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Connolly criticizes botched public services card with €60 million bill

Galway TD Catherine Connolly hit out at the Government over the botched public services card scheme which is set to cost the taxpayer over €60 million.

Last week, it was revealed that the Government broke the law with its handling of the controversial public services card according to a new report by the Data Protection Commission

The findings of the report were damming stating that there is no legal basis for any public body other than the department of employment affairs and social protection to use the public services card. 

The report also cited the illegality of the blanket and indefinite retention of data from people applying for the card, and criticised the government for inadequate transparency on the issue.

The Data Protection Commissioner Helen Dixon outlined her concerns in relation to a schedule published by the Department of Employment Affairs website in 2017.

It listed a wide array of public sector bodies that were “very imminently” requiring a public services card as mandatory in order to secure services.

This included, among other things, registering for a driver theory test, renewing a passport, making an appeal in relation to a school transport system and applying for an education grant. 

But the Data Protection Commission has said that the card should only be required for social welfare payments, and nothing else.

Speaking on RTE Radio One The Independent TD said the Government of having a draft report of the DPC’s findings since August of last year, but extended requirements for the card anyway.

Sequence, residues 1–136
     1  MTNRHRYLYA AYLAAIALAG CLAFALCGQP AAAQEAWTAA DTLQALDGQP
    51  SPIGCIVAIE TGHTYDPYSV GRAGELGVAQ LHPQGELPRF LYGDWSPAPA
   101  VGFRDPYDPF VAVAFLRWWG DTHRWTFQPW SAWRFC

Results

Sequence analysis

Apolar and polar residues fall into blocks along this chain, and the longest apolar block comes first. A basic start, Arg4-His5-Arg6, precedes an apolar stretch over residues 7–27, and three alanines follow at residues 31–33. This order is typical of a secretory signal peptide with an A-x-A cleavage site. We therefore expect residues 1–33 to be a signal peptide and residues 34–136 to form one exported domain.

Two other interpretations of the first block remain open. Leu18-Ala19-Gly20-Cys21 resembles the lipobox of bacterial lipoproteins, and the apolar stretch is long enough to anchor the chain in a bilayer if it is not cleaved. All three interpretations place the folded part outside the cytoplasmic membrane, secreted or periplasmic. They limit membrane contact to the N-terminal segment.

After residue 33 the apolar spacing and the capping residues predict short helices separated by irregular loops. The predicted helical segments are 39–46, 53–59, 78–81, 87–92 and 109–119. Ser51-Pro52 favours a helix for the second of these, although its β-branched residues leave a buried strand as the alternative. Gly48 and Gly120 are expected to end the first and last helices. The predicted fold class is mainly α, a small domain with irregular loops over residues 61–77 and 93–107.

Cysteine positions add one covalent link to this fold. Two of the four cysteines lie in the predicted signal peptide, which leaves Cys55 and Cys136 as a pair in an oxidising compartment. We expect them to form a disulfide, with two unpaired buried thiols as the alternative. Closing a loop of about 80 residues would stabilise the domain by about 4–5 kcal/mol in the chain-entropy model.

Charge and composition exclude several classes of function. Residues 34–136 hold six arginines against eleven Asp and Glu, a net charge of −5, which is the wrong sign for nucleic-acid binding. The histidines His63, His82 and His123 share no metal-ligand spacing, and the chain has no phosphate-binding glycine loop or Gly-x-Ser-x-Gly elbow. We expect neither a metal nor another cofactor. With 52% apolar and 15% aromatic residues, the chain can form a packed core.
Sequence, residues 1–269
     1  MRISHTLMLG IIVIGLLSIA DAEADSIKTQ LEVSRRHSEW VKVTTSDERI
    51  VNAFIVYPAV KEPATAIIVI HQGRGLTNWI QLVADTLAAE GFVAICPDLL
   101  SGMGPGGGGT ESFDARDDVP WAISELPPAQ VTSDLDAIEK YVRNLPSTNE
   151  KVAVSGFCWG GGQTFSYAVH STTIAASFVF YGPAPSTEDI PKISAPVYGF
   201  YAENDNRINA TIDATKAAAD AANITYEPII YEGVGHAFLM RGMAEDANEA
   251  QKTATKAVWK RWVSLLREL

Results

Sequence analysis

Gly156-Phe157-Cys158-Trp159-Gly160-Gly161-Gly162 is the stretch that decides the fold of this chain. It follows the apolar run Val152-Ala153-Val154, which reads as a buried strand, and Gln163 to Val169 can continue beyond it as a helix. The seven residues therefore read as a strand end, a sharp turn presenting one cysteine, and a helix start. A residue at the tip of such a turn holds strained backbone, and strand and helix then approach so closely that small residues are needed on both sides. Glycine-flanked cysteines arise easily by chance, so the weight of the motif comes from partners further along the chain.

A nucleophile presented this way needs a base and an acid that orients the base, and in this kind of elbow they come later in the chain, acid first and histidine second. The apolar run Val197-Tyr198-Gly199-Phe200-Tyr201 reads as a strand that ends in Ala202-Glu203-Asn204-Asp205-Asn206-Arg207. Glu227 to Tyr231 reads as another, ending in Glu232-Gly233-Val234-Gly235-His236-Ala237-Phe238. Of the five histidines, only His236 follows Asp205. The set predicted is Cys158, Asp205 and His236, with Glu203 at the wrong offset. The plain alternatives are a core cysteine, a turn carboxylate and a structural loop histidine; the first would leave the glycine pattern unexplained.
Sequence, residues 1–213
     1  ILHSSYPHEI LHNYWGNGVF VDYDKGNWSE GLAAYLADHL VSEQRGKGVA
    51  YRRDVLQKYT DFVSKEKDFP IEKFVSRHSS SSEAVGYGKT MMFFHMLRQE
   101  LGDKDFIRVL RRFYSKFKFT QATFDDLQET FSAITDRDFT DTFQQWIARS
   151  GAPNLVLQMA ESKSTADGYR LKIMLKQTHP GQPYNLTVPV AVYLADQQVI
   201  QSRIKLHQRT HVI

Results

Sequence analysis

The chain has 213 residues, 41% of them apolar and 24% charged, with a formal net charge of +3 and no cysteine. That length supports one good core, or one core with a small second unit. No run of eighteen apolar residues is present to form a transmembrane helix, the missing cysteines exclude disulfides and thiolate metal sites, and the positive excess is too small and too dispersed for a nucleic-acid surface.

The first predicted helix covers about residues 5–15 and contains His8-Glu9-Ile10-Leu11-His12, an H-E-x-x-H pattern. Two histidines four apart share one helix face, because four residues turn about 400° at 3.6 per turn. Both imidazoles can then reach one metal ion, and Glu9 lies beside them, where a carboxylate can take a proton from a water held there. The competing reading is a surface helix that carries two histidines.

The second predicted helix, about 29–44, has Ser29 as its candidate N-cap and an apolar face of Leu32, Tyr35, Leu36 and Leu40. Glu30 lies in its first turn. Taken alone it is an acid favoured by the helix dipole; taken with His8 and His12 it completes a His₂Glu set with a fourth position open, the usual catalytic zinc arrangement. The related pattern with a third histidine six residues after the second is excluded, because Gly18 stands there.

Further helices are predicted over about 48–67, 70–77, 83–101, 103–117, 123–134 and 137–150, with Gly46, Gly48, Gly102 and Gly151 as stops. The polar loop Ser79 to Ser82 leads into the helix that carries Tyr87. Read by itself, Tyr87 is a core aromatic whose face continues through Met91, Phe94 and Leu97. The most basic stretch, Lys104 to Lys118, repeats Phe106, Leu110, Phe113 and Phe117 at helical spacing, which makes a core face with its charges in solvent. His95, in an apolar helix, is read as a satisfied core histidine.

“That in itself tells me something,” Catherine Connolly said, accusing the government of trying to introduce “identity cards by stealth”.

The government patronised the Public Accounts Committee when they said that “they knew best and we were raising matters that were irrelevant that we were making a big deal out of nothing,” she added

“The Department of Social Protection intends to incur costs of up to 60 million on issuing cards up to 2017.

“We are now in 2019 and i have no idea how much money has been spent on the issuing of cards to date.”

“There may well be arguments for identity card but they were never discussed in the Dail and were denied by the Government” she continued.

She added that the retention of documents for an indefinite duration in the past scheme had “serious implications for our democracy.” 

When a person applies for social welfare they are required to provide identity documentation, utility bills of proof of address, have a high quality photo taking and have their signature recorded.

Due to the fact the Minister does not issue a card until they are satisfied as to your identity, the Data Protection Commissioner confirmed that there is no basis for retaining this personal data indefinitely. 

The Data Protection Commissioner has called on the Government to delete the supporting documentation which they obtained on those applying for social welfare.

The Government has been informed that it needs to delete data on 3.2 million citizens who were issued with the card.

They have also been ordered to stop issuing new cards for the purposes of individuals availing of other services. 

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